So what are the standard's semantics? For a non-BIND(C) routine, it's that an anonymous, redefinable copy of the actual argument is made and passed to the called procedure. (NOT "by value".) The called procedure can modify the argument but any changes are discarded on return. In essence, it's a lot like passing the argument in parentheses.

I suggest you compile with /standard-semantics (in Visual Studio, this is Fortran > Language > Enable F2003 Semantics) and you'll get the behavior I think you want, though I don't see any assignment to ItsSize that would make the F03 VALUE attribute useful.

An alternative if you really want pass-by-value is to make the subroutine BIND(C). Note that an explicit interface is required to be visible to the caller if you give an argument the VALUE attribute (in either method.)

Thanks Steve.

My interest is in interoperability with C and I did mean to include the BIND(C) statement in the included example - thanks for catching my omission.  I now realize other aspects like STDCALL, REFERENCE, ALIAS, etc. can also collide with BIND(C).

So if I understand correctly, with BIND(C), I won't need the compiler directive as well as the /standard-semantics compiler setting i.e., if all I want is interoperaility with a C value-type argument - is that right?

Separately, a couple of questions about enabling F2003 standard-semantics:

1) Is there an explanation somewhere in documentation about all the things that can occur if this setting is applied, especially since all the Fortran 2003 have not yet been implemented?  I've been somewhat scared of using it since I don't know of the consequences of doing so.

2) Is there an equivalent option for Fortran 2008 semantics, or is the 2008 update more of a minor one that it is not applicable?

Thanks,

(I think its the other way around.)

I can understand why the convention might change for VALUE, OPTIONAL (noting that the caller will always know that those attributes apply to the dummy, so it can construct the call appropriately - and an alternative convention might be to have a separate flag that indicates argument presence), but for small types (that fit in registers) which don't have OPTIONAL I would have thought !DEC$ VALUE and VALUE could be equivalent.

Just guessing - was it a complication that arises from pointer association?  Did you just want to keep procedure internals consistent in the face of OPTIONAL or types that don't fit in registers?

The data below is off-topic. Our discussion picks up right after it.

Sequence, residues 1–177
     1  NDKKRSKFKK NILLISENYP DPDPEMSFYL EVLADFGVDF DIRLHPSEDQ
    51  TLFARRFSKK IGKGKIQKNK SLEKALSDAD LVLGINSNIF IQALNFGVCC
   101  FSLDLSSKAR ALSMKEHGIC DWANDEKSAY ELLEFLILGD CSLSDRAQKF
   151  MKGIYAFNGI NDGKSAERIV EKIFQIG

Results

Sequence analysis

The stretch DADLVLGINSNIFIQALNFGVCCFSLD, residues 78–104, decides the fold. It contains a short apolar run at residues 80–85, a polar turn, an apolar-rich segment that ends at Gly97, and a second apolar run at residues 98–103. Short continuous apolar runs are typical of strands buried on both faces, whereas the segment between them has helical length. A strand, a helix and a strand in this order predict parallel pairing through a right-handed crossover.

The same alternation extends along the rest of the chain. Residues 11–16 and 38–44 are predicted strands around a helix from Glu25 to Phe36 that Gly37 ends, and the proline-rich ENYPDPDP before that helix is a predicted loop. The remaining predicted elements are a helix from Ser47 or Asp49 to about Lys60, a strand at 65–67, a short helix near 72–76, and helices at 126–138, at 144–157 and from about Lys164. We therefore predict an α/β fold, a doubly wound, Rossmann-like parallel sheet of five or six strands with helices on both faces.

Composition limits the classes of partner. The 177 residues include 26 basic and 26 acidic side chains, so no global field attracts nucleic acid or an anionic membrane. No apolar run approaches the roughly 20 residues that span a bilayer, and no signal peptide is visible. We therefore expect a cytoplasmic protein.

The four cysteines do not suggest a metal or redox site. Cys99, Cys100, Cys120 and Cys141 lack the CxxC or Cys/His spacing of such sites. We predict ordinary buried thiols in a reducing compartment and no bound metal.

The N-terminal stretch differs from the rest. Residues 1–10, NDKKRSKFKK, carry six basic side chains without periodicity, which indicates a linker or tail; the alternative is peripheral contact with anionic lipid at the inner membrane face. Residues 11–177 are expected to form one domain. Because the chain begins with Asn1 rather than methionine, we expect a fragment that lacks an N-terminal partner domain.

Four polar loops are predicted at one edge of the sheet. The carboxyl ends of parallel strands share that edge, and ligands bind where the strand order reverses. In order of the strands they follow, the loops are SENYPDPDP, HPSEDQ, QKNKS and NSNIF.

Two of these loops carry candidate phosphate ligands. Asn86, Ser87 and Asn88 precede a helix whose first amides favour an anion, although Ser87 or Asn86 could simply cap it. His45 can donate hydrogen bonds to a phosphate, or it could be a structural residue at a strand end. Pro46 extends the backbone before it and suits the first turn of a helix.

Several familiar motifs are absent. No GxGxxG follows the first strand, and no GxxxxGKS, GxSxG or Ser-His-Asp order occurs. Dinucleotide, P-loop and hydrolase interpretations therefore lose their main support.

I thought (not based on anything authoritative - I might have just imagined this after a glass too many) the rules for VALUE were written such that pass-by-value was a possible implementation option, in some cases at least.  If not, it seems a bit of a pointless feature for non-bind(c) procedures.

With BIND(C), the standard VALUE attribute means pass/receive by value. In F2003/2008, one is allowed to combine VALUE with OPTIONAL as long as BIND(C) isn't used, but the TS29113 "Enhanced C Interoperability" spec relaxes that.

The documentation for /standard-semantics lists all the things it does, and this is also spelled out at the bottom of http://software.intel.com/en-us/articles/intel-fortran-compiler-support-... The purpose of this option is to change the compiler's default semantics when those are old and incompatible with F2003 and newer (including F2008).

I admit that it's not too common that one would want to use VALUE without BIND(C), but it does have a meaning and could be useful in some circumstances.

Steve - Intel Developer Support

Thanks Steve.  Regarding your comment:

引文:

In F2003/2008, one is allowed to combine VALUE with OPTIONAL as long as BIND(C) isn't used, but the TS29113 "Enhanced C Interoperability" spec relaxes that.

How does Intel view TS29113?  To be handled separately as part of some future implementation (Fortran 201x standard, etc.)?  Or to be included on the queue for the ongoing 2003/2008 feature implementations?

Regards,

 

TS29113 is something we know is important but isn't currently being actively implemented. Our development plate is already full for the next year, but I hope we'll get to it after that. I have a side project to create a library including the routines you'd call from C that one could use to get at least some of the functionality.

Steve - Intel Developer Support